I try to apply this logic of Robbe-Grillet to the exhibition and develop research process over ten, twenty years where we would permanently open windows, do public events, share also the stage of the research, where we are, with the world and through that it would always allow to continue and research more. I am not saying that this is the solution, because I am far from this idea of making general recommendation. I just think it was the solution, is the solution, for my own practice as a curator. It is the solution to continue to make research in an environment where it may become more difficult to find someone who would allow just to research for twenty years without any result, without any purpose, and to find a way how actually this can be a gradual process.
I think there are many more possibilities to do so. Particularly, whilst I agree with the premise of your question that we need to protect research, I can’t completely agree with this idea that it must always be only in this more closed context. Sometimes, it is interesting that we test results of such into that research and getting out in the world and learn from the feed-backs and this is obviously something which becomes much easier also with the Internet.
One of the thing which is also important in relation to your question is grants. I think we need more grants in the world, we need more stipends and grants.
When I was 22-23 I never really had the possibility to do research for a long time because I had no money and I could only travel by night-trains all over Europe and it was very fragmented. In ’91 the Cartier Foundation gave me, for the first time, a more stable grant so I could, for three months, go to Paris and just do research. I did not have a day job, I could just do research, and these three months were completely transformative for me and allowed me to continue to work in a very different way. I arrived in Jouy-en-Josas, and it was interesting because it was before the Cartier Foundation moved to Paris. It was in a suburb outside Paris, there were three artists in residence and one curator. There I met the artist Absalon who was my neighbor on the right, an artist from Israel who developed these amazing architecture cells and died, very sadly, very young. It was a real vision of an artist doing architecture. At the same time there was another visionary artist Huang Yong Ping and Shen Yuan, both amazing artists who had just arrived from China after Tiananmen Square in the early 90s.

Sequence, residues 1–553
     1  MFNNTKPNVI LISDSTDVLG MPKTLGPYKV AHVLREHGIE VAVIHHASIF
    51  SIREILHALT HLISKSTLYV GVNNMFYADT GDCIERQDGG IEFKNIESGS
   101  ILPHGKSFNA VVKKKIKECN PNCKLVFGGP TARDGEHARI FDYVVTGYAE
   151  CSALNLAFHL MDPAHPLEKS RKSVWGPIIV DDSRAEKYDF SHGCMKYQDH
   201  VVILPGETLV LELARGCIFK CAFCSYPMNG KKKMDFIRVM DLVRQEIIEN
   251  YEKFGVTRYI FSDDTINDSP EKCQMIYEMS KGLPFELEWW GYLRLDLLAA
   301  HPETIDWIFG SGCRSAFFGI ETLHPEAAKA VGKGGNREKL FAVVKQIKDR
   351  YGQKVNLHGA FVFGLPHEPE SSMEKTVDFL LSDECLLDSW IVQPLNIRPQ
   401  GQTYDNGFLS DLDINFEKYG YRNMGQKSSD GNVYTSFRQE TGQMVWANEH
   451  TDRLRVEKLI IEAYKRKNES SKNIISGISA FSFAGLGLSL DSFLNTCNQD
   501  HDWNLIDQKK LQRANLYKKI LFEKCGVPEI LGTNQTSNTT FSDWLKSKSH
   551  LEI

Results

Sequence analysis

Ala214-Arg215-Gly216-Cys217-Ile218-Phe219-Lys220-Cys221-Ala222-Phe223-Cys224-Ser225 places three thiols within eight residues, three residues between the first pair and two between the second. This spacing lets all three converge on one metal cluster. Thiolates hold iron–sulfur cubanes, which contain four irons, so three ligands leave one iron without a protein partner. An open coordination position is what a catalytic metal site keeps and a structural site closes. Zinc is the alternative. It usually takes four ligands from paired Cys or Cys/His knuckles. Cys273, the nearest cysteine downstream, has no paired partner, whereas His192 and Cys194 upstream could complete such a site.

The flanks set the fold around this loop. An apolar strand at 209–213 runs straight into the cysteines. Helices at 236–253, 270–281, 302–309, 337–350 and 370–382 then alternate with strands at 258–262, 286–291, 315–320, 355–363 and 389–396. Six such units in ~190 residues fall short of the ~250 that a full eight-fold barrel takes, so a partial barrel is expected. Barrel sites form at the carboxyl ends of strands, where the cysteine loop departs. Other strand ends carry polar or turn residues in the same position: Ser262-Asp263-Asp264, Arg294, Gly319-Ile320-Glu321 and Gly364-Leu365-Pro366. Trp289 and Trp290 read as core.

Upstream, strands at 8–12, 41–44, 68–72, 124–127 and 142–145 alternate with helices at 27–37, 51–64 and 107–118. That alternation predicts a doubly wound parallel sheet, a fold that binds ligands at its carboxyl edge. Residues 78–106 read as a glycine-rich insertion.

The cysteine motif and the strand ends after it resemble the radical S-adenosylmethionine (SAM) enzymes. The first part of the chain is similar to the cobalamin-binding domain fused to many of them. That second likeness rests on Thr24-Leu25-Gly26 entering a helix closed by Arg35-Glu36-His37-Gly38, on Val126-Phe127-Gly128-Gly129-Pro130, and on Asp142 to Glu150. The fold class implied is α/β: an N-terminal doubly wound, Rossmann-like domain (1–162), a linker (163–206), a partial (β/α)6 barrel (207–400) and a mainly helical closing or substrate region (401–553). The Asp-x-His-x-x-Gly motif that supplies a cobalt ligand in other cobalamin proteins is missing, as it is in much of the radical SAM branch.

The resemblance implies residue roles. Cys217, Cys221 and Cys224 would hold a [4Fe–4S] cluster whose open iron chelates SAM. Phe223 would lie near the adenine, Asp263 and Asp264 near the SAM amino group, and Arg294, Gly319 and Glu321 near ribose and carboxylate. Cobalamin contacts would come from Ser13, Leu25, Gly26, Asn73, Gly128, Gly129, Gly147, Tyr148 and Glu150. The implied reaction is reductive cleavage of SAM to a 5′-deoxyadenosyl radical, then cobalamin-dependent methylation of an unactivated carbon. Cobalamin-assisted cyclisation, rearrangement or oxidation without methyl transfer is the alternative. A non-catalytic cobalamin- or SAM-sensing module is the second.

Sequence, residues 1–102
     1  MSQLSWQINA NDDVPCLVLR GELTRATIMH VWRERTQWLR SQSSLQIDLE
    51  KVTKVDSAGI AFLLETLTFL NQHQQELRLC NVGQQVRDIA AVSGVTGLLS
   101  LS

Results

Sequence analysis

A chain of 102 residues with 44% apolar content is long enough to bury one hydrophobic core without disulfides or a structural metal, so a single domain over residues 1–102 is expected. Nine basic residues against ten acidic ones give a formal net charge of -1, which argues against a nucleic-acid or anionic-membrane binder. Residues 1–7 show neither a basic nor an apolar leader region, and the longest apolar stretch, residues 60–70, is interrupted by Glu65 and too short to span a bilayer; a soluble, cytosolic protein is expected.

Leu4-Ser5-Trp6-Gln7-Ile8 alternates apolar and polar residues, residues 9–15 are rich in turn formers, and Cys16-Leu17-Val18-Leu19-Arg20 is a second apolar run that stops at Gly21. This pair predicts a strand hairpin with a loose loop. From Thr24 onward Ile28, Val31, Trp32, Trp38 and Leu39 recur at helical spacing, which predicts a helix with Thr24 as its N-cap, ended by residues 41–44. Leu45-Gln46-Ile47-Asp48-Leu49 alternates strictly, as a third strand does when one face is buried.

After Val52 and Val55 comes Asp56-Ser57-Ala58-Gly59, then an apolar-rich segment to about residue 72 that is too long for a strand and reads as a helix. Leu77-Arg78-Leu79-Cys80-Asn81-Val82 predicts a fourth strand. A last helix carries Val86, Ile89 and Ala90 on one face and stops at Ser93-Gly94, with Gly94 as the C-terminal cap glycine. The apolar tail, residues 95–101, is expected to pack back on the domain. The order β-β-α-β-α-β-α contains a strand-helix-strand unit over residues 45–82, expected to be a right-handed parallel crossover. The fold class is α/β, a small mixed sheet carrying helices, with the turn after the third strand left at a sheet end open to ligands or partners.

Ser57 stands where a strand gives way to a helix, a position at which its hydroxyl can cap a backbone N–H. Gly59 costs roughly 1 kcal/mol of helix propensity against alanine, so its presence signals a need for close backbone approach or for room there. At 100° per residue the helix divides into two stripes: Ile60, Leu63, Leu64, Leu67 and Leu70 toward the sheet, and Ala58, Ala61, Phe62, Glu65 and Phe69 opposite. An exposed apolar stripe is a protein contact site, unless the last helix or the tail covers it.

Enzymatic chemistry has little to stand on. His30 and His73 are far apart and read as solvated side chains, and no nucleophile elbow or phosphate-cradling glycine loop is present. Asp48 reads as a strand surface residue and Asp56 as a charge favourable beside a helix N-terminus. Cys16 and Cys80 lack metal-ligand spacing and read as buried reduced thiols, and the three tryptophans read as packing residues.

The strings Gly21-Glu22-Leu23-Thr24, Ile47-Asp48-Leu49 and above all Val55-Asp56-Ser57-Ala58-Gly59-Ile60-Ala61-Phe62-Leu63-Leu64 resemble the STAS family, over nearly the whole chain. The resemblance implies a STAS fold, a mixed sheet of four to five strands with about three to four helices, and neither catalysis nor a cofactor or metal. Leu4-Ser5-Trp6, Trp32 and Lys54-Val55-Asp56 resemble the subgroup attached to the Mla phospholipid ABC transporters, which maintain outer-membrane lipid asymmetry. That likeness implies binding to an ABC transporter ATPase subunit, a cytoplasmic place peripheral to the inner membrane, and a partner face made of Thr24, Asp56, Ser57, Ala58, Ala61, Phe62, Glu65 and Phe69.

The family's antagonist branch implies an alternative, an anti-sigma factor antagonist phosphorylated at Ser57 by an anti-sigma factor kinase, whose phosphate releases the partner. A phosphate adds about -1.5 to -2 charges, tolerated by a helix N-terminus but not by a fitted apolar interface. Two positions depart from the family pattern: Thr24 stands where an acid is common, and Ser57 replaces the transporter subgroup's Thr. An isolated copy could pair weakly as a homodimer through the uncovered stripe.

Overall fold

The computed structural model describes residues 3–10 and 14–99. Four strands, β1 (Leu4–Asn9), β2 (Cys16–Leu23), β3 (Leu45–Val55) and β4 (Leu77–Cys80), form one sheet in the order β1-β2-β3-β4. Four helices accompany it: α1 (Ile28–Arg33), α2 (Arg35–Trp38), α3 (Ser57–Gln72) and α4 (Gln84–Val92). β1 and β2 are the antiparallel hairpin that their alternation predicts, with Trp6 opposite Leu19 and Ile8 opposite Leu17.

We would live there with Absalon, Huang Yong Ping, and Shen Yuan for three months and I would always go and make studio visits and research and in the evening we would always exchange. It’s been a life changing experience for me this residence; for the first time I could also understand— in ’91 I’ve just done my “Kitchen Show” — I could understand this whole polyphony of centers in the world because I was educated in Western… My research was mostly in Western art and suddenly I was there with some of the key protagonists of the Chinese Avant-Garde of the 80s, with Huang Yong Ping who opens up this whole world. There I also met Hou Hanru, I met Fei Dawei who has done very important early Avant-Garde shows with Chinese art, Chen Zhen, and all Chinese art diaspora in Paris with Huang Yong Ping. This grant was very transformative. So I do believe in this idea that it is extremely important to provide grants for artists, not only for artists… There are many grants for artists maybe, but there are very few grants for young emerging curators and art writers. It is a very important thing for research that, in the world, we find more grants and more research possibilities, for artists of course, but also for curators and art writers.